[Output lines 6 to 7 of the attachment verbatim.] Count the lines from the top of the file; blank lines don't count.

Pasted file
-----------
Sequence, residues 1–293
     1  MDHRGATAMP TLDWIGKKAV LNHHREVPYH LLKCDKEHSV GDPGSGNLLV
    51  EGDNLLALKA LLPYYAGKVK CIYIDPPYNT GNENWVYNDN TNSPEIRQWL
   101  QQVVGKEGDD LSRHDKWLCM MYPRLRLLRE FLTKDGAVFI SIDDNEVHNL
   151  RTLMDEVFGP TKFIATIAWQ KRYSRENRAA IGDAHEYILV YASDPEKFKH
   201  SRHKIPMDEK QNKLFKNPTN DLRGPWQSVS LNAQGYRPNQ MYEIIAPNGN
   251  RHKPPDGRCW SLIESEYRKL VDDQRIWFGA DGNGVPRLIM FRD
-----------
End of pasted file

   201  SRHKIPMDEK QNKLFKNPTN DLRGPWQSVS LNAQGYRPNQ MYEIIAPNGN
   251  RHKPPDGRCW SLIESEYRKL VDDQRIWFGA DGNGVPRLIM FRD